* Posts by rmason

638 posts • joined 3 Feb 2016

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BT CEO tests positive for coronavirus, goes into self-isolation after meeting fellow bosses from Vodafone UK, Three, O2 plus govt officials

rmason

Re: It's getting the 1% as well

We are hearing of celebrity / sports people / politicians being infected because

*THEY ARE ABLE TO GET TESTED*

For you or I (UK based) we won't be tested until it gets bad enough to hospitalise us. People are waiting 7-9 days for a test.

Our numbers will spike like Italy's did, as soon as we test more people. That's what happened there. Less that there was a huge spike in infections, more that there was a huge upturn in actually testing.

Corporate VPN huffing and puffing while everyone works from home over COVID-19? You're not alone, admins

rmason

Re: Uptick in remote S/W sales

Almost all of them are offering temporary free licences, yes.

Cisco Webex, MS teams etc etc

Shipping is so insecure we could have driven off in an oil rig, says Pen Test Partners

rmason

@Pascal

Your issue there is that the average ship is of very little use, unless it comes back to land at some point.

They won't magically become secure when docked.

Not a Genius move after all: Apple must cough up $$$ in back pay for store staff forced to wait for bag searches

rmason

Everyone finishes at the same time and there'll be 1-2 security guards stood at the end of a very long queue.

Everyone gets wanded or walked through an arch then bag searched.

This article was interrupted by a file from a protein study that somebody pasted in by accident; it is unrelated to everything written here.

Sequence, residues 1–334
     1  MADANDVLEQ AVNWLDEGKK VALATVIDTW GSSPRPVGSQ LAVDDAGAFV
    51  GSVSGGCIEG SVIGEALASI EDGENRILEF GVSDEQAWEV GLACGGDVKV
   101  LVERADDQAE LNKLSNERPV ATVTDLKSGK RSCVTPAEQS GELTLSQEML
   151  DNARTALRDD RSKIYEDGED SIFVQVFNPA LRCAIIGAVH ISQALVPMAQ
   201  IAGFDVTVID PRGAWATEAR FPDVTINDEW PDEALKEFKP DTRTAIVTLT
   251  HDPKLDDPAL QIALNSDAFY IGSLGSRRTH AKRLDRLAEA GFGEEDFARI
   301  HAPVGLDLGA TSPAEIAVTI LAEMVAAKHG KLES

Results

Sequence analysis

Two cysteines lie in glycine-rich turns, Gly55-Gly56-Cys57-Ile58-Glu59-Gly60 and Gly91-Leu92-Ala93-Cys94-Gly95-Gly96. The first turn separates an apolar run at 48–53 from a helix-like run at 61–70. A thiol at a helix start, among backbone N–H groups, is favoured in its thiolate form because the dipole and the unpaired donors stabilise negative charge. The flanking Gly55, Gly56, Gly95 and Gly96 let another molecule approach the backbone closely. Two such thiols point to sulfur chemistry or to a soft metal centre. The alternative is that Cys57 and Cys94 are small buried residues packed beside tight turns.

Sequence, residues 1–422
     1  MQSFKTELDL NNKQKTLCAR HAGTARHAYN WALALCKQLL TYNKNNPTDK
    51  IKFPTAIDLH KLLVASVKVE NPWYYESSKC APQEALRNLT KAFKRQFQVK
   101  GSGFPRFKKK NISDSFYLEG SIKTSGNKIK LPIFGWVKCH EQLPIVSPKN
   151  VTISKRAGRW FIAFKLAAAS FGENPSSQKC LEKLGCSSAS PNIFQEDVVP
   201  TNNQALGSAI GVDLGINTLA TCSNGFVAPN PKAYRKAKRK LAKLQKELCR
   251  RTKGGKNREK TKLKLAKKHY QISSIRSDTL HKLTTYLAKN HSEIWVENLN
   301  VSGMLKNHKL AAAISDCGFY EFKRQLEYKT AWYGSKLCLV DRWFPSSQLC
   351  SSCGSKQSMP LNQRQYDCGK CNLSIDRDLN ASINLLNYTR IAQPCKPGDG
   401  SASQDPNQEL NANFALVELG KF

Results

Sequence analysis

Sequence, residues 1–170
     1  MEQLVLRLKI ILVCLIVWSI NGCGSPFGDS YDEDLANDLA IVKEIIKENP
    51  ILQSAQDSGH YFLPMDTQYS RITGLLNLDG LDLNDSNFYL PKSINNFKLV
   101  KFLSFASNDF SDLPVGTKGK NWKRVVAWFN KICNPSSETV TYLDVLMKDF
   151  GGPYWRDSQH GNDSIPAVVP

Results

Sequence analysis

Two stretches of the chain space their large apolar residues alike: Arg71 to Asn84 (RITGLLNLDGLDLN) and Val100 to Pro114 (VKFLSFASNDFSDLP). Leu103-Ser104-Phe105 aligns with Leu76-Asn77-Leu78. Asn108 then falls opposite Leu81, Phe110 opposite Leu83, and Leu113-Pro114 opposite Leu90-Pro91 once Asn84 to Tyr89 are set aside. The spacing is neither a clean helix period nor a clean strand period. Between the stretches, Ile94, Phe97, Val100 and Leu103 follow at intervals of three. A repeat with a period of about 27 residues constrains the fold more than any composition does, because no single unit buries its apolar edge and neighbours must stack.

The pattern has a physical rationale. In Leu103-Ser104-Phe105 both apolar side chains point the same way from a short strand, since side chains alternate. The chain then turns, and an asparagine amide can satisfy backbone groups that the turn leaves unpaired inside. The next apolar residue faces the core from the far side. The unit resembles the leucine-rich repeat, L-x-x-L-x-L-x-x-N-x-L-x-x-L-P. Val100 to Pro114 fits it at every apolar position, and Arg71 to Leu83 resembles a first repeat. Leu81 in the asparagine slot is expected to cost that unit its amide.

Places like dixons/PCW repair warehouses etc do the same over here, but you're paid as you don't clock out until past that search point. I've even known it at places like clothes shops that suffered large "shrinkage". I know of a UK company who actually asked a large outlet to do this to their contractors.

This is what Apple meant by "for their benefit". They mean "well if we search you, we can't accuse you of theft".

Anyway, back to UK retail. I know of a large IT contractor who asked their clients to bag check the contractors staff.

Because each time they went to this chain to do a server upgrade or replacement, the staff of said store robbed their employers blind *EVERY* time a contractor of any sort walked in.

"Yeah, we had contractors again, that'll be where all those nice shirts went boss!"

The chain was asked by the IT firm to search the contractors on the way out and *NOT* tell staff below management level at the retail chain this was happening. I believe because it almost cost them the contract due to the theft accusations.

What happened?

The duty manager was made to check engineers, the staff weren't told, all the stock still walked out the door anyway.

Surprisingly enough it wasn't the £250/day contractors stealing clothes and other random clart. It was the min wage employees of said chain. It almost cost a multi million pound contract. a 12 month job supporting 20-50 mobile engineers.

Anywho, random aside but I have seen this done for both staff targeting (dixons), and staff "protection" reasons (discount 'designer goods' chain). All paid for though.

rmason

Re: Good

Presumably because you weren't min wage or close.